King James Quiz!

A few weeks ago a fundamentalist pastor I deeply respect told his congregation that the King James Version is an “impediment to many if not most of the Lord’s people in really understanding many passages of Scripture.” (I leave his name out only so as not to create trouble for him.) He said this despite the line I most often hear: “Oh, well, I grew up on the KJV so I can understand it.” I used to think that way myself.

So let’s get specific. Take my three-question open-book quiz! The book you may open is the KJV, no others. What do the following two phrases and a sentence mean? (And no looking at others comments until you’ve formulated your own!)

  1. We’ll start easy: “…he is able to succour them that are tempted” (Heb 2:18)
  2. “…not in any honour to the satisfying of the flesh” (Col 2:23)
  3. “Fret not thyself in any wise to do evil” (Ps 37:8)

I love the English language. I read and write it for a living. But I have no idea what the second and third items mean in English (even though I helped multiple Wilds campers memorize the latter!).

Extra Anecdote

And here’s an anecdote I can’t resist passing along: my brother-in-law, when he was a little Awana clubber in Tennessee, asked his leader after memorizing Psalm 23, “If Jesus is our shepherd, why shall we not want Him?”

Author: Mark Ward

PhD in NT; theological writer for Faithlife; former high school Bible textbook author for BJU Press; husband; father; ultimate frisbee player; member of the body of Christ.

6 thoughts on “King James Quiz!”

  1. I have always been amazed at how few people know what “commendeth” means from Romans 5:8 or what “consist” means from Colossians 1:17 even though they are common verses. Especially Rom 5:8 since it is quoted so often in presenting the Gospel.

    Btw, did you realize your ESV Scripture tags are on? 🙂

  2. Mark,

    I knwe the first one, that one was easy, as you said – that’s just a vocabulary question.

    The second one was rough, but I think I was on the right track by thinking that it meant that very little benefit can be gained from external religious trappings, but I don’t think I got the full meaning, just part.

    The last one was baffling. If I were just to paraphrase the KJV, I would say this, “Don’t worry yourself in any way into sinning.” I don’t know if that captures the meaning or not. That one was rough.
    I have a few Scriptures that really cause me trouble, not because I don’t like what they ahve to say, I just don’t understand it, or maybe more specifically, if it is saying what I think it is saying, it is either contrary to the general tenor of Scripture. I’ll have to find them and let you know – I have question marks by them in my (KJV) Bible.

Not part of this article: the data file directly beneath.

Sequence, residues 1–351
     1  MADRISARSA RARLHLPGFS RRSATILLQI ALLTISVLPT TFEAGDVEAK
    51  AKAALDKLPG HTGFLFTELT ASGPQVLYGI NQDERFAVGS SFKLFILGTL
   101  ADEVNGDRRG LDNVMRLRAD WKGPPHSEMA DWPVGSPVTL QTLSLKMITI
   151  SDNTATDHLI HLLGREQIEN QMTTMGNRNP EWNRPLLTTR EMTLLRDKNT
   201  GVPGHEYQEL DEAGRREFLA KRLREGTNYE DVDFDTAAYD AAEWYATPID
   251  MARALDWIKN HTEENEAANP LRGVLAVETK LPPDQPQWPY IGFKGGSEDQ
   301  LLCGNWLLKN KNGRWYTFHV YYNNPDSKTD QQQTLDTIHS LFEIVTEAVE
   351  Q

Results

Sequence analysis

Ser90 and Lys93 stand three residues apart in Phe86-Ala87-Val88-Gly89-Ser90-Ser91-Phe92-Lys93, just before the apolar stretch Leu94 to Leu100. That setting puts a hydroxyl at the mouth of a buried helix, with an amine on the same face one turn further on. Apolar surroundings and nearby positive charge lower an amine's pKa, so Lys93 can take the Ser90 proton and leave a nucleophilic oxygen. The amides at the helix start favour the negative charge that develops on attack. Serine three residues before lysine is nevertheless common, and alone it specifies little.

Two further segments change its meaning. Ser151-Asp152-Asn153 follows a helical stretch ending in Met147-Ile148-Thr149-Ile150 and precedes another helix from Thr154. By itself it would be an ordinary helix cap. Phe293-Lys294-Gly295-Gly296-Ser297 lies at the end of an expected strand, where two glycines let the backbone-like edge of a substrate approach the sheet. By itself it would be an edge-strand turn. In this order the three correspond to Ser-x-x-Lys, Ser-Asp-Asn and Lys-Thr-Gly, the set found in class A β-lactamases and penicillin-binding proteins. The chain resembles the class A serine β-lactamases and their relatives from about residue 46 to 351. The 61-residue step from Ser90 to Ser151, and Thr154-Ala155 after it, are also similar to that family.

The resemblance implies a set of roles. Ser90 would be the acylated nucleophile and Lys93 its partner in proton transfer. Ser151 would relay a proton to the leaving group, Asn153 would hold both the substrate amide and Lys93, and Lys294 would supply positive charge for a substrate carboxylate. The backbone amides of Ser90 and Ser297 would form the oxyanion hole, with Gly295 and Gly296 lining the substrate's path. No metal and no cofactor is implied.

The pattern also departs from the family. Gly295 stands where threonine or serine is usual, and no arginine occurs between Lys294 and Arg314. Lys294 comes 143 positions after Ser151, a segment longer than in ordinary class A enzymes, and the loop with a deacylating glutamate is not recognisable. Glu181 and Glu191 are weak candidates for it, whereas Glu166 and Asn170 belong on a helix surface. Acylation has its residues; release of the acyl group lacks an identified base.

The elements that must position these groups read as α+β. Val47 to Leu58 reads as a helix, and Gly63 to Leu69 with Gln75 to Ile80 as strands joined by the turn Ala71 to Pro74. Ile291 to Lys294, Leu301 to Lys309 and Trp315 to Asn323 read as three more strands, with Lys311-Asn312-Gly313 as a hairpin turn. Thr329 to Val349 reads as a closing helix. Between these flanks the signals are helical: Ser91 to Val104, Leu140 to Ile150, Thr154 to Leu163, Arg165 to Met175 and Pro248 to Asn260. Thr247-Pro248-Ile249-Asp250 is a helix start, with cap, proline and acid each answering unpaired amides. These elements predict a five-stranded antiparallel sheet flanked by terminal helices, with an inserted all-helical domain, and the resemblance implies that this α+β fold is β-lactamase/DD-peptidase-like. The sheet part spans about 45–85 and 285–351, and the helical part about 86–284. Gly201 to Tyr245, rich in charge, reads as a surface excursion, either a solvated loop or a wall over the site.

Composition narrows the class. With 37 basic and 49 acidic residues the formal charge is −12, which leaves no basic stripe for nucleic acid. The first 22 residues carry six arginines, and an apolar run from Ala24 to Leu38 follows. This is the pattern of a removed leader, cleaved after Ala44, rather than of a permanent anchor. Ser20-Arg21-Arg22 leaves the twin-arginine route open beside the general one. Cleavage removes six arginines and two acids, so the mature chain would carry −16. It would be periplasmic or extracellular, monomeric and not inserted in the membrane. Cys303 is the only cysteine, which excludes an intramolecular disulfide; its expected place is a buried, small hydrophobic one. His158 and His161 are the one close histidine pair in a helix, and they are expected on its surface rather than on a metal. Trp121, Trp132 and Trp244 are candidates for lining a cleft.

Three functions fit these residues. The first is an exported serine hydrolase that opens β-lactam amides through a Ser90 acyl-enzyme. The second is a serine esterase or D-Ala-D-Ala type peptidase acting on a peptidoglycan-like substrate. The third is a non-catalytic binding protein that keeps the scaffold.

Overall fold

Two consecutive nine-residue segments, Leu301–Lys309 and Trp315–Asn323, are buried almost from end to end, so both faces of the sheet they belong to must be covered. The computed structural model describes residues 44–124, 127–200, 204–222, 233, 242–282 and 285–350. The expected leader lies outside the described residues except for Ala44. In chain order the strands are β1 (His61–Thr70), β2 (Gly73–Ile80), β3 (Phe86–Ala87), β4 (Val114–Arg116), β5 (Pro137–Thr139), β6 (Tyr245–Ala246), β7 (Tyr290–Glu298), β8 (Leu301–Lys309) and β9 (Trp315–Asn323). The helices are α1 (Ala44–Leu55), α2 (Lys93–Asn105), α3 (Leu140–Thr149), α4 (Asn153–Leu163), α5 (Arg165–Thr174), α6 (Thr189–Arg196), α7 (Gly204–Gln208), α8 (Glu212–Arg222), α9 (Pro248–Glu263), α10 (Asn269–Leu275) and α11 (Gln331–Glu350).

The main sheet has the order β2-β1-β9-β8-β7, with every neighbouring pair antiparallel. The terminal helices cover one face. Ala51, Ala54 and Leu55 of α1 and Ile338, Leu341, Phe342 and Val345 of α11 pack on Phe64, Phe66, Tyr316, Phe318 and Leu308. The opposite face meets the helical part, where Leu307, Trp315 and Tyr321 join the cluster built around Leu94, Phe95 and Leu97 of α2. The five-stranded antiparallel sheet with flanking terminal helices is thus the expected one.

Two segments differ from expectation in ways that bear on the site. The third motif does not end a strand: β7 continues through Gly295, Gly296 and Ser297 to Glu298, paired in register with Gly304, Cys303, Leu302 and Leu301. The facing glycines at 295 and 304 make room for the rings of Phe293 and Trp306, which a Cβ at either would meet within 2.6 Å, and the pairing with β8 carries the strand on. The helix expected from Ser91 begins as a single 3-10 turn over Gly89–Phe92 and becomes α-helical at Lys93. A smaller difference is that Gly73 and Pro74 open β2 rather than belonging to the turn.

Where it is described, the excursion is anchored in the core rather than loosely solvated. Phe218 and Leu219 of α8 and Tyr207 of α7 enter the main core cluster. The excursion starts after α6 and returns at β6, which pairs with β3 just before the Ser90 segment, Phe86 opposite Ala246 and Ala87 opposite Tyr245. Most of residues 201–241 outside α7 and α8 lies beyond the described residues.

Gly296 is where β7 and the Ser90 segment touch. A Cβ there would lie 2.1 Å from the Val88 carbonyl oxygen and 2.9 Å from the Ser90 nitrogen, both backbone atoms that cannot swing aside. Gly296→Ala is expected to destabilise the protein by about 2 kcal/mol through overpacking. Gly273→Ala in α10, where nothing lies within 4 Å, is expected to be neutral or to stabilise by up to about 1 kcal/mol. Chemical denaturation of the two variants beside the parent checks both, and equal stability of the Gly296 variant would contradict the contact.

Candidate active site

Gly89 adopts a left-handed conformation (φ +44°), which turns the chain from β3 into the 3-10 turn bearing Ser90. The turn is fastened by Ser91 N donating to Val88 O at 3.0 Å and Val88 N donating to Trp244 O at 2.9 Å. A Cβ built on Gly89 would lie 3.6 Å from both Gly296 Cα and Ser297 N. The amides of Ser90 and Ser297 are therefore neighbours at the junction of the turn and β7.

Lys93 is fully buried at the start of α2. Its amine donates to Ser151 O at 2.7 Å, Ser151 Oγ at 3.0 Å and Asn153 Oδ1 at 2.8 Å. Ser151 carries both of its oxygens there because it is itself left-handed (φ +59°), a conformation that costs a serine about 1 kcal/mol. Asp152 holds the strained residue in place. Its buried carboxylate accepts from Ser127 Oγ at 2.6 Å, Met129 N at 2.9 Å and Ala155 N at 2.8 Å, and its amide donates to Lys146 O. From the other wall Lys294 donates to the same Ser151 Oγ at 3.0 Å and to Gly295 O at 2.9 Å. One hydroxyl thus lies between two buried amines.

3. Hey, Austin! Good to hear from you!

    I think on that second one you may be picking up that meaning from what you already know of the context. The phrase itself as it stands still isn’t saying anything to me.

    The obvious question is: is it really God’s purpose to make people learn antiquated vocabulary and syntax in order to read His Word? I say—based on the language he chose for Scripture in the first place—no.

    I admit I’m more clear that this is the case with Greek than with Hebrew. Perhaps biblical Hebrew is more literary and difficult than what people spoke on the street; I’m not sure how we could really know, because (I believe) there is little to no existing Hebrew literature from the period in which the canonical books were written.

  4. I almost wrote something snarky in response to that ploughboy comment, but this is too serious an issue. I care about the ploughboy. His modern equivalent would be who—the kid who mows lawns on the weekend? Hasn’t the modern KJVO movement told that story with (appropriate!) pride, meanwhile ripping the vernacular Bible out of the lawn mower’s hand and giving him the Vulgate?

    Did God inspire the GNT or the Hebrew Bible in a difficult-to-access religious jargon or in the day-to-day language of ordinary people? The concepts in the Bible may be difficult in many places, but the words typically aren’t. Some versions make Bible reading too easy, I’ll grant, and some books in the NT (Luke, Acts, Hebrews) seem to be less accessible in Greek than others. And there will always be a cultural and historical and theological and spiritual gap between a modern reader and the original author. But why purposefully make the gap wider?

    I write Bible textbooks for ploughboys and kitchen girls. This matters a great deal to me!

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